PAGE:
Wu Riqiang, a senior security expert from Renmin University, argues that Cold War arms control negotiations between the U.S. and Soviet Union showcase the importance of regular bilateral dialogue and transparency in military modernization to build confidence and avoid miscalculations between nuclear superpowers. As China’s security environment sours and tensions with the United States rise, Wu proposes that Beijing draw lessons from this historical example to develop an arms control approach that best safeguards national interests and security.
Wang Shushen, an expert in U.S.-Taiwan relations at the Chinese Academy of Social Sciences, argues that shifts in the level and nature of U.S. arms sales to Taiwan that began under the Trump administration are forcing Beijing to deploy its own set of deterrence measures. These dynamics, Wang argues, will make it difficult to prevent and control a crisis in and around the Taiwan Strait in the future.
In this 2016 analysis, Zhang Wenzong, an expert at a state security-backed think tank, argues that Beijing must bolster its ability to withstand and counter U.S. deterrence strategy by strengthening its own economic and military resilience, overseas strategic partnerships, and domestic stability.
In this 2012 article, senior military scholar Ni Lexiong analyzes the historical course of China’s military modernization efforts, and argues that Beijing should invest in a strong blue-water navy to secure its expanding overseas economic interests and deter the formation of a U.S.-led maritime alliance designed to contain China. Ni also cautions that China should approach this process carefully, in order to avoid triggering security concerns among its maritime neighbors that could provoke to a regional arms race.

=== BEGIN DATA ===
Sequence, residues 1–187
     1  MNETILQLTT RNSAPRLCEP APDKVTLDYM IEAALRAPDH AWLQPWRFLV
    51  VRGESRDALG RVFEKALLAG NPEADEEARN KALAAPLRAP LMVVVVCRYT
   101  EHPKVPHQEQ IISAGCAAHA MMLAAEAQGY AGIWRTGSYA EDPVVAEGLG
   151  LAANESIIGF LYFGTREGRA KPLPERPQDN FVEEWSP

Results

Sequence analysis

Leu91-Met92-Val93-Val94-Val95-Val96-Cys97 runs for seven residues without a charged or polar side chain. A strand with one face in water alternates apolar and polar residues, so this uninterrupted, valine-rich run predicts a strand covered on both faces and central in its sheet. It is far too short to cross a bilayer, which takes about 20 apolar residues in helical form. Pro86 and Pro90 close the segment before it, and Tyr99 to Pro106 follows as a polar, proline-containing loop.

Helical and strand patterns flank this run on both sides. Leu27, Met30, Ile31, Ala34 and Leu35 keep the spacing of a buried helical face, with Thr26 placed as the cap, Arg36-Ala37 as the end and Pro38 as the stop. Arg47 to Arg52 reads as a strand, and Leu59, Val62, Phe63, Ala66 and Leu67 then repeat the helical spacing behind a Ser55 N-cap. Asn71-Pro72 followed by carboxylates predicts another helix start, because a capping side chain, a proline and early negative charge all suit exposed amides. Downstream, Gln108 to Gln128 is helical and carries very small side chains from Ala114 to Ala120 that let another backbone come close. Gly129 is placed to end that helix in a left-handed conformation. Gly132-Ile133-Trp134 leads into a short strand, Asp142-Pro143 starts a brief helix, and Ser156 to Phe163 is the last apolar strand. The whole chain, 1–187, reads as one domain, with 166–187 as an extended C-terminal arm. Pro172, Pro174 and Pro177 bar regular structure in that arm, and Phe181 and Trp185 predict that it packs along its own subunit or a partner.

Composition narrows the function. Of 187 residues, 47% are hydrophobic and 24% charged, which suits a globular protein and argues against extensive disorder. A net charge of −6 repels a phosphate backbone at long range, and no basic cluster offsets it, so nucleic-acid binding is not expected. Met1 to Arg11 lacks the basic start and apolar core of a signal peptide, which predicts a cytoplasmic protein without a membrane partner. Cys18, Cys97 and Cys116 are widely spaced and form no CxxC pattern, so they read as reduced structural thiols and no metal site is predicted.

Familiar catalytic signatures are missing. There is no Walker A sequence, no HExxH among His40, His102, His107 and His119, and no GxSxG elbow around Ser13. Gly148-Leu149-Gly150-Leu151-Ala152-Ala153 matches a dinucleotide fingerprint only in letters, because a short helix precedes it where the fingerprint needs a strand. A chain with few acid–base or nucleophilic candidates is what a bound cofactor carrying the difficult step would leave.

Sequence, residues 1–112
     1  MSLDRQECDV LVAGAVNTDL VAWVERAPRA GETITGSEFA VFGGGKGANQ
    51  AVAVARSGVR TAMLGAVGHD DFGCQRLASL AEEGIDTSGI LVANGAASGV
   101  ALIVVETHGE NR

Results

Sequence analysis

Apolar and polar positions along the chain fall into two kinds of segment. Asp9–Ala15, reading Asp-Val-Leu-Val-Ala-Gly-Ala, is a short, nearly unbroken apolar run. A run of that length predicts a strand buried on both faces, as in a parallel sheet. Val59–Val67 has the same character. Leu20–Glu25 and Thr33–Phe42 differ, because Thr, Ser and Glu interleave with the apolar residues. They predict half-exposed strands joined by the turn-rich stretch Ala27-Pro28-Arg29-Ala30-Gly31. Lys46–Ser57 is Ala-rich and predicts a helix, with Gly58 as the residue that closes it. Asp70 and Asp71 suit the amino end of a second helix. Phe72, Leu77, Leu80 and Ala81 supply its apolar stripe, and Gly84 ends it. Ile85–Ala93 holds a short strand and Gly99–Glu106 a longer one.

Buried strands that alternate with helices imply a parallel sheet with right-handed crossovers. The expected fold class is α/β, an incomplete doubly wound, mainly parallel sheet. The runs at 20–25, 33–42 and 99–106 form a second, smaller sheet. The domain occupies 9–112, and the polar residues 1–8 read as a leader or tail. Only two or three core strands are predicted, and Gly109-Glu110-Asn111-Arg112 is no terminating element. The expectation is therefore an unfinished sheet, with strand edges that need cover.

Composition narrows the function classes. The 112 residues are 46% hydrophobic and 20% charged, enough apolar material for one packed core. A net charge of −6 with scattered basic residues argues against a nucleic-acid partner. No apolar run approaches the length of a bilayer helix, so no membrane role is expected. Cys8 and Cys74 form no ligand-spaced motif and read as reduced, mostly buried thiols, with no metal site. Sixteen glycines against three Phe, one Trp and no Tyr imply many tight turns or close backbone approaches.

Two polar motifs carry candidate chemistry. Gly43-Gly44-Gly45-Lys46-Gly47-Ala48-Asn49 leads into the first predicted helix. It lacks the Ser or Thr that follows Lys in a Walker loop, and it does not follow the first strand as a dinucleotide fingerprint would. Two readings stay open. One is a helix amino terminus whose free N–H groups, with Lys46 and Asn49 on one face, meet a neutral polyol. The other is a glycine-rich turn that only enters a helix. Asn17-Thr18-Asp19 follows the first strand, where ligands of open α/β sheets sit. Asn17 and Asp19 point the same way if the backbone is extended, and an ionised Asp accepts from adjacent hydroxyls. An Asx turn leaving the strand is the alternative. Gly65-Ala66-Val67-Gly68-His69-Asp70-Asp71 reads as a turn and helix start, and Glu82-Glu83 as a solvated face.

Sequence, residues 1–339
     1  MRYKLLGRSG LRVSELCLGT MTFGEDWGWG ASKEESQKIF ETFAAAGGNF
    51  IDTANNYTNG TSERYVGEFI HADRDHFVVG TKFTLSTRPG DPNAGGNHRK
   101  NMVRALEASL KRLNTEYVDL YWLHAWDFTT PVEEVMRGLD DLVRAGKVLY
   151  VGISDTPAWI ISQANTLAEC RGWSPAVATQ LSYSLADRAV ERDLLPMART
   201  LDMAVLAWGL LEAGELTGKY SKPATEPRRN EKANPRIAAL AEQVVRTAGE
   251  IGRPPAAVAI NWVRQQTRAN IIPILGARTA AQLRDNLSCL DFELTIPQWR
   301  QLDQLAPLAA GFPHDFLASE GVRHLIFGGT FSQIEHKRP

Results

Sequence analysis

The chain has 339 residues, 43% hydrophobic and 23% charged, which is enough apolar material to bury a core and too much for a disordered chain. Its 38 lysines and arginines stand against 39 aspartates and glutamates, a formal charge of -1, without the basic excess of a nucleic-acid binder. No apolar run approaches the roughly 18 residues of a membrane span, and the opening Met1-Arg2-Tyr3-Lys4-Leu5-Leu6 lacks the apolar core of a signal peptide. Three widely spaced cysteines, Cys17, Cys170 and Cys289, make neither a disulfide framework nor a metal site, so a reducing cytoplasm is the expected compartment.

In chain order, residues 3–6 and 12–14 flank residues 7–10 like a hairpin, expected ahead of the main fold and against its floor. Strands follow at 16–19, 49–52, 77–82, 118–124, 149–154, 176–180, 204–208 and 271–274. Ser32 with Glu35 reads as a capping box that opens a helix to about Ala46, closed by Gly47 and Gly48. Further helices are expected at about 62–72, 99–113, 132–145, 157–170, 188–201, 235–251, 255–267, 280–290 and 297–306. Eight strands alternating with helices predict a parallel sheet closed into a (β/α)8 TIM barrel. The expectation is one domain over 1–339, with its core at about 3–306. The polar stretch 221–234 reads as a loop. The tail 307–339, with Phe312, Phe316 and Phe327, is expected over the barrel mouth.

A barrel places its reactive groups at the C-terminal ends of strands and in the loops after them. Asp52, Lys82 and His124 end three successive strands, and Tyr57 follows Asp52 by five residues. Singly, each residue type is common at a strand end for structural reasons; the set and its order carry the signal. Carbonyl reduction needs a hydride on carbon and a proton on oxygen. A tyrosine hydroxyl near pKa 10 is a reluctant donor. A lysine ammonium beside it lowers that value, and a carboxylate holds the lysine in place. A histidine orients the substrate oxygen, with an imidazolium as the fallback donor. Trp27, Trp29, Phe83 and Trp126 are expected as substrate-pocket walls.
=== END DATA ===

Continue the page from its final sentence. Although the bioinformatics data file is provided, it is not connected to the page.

Zuo Xiying, one of China’s top experts on international security, examines evolving U.S. deterrence strategies in light of rising strategic competition with China. He argues that the gap in conventional deterrence capabilities between China and the U.S. is rapidly narrowing owing to China’s technological and military advances and what he sees as the decline of the U.S. industrial base. As a “stress reaction” to this perceived decline, Zuo argues U.S. policymakers have begun to discuss declining American conventional deterrence capabilities vis-a-vis China more frequently. Zuo warns that Beijing should approach shifts in relative capabilities cautiously, and recognize that the U.S. is expanding its “toolbox” of mechanisms that can be leveraged flexibly to deter China, particularly in the case of heightened tensions in the Taiwan Strait.
Researchers at the PLA’s National University of Defense Technology examine the U.S. strategy of deterrence by denial against China since 2017, tracing developments across the Trump and Biden administrations and assessing likely impacts on China’s efforts to shape its regional security environment. The authors argue that while these strategies have “achieved some of the expected effects,” they will be constrained abroad by the security interests of regional U.S. partners and allies and domestically through disagreement among U.S. political parties and U.S. military branches about how to approach building denial capabilities.
Emphasis added throughout text by editors.
How is Beijing assessing the effectiveness of U.S. deterrence approaches vis-a-vis Taiwan? Writing in one of China’s leading IR journals, Renmin University’s Zuo Xiying argues that while the U.S. “failed to deter Russia from taking military action,” its actions since the invasion to support Ukraine and punish Moscow have “produced a powerful deterrent effect against China with regard to the Taiwan issue.”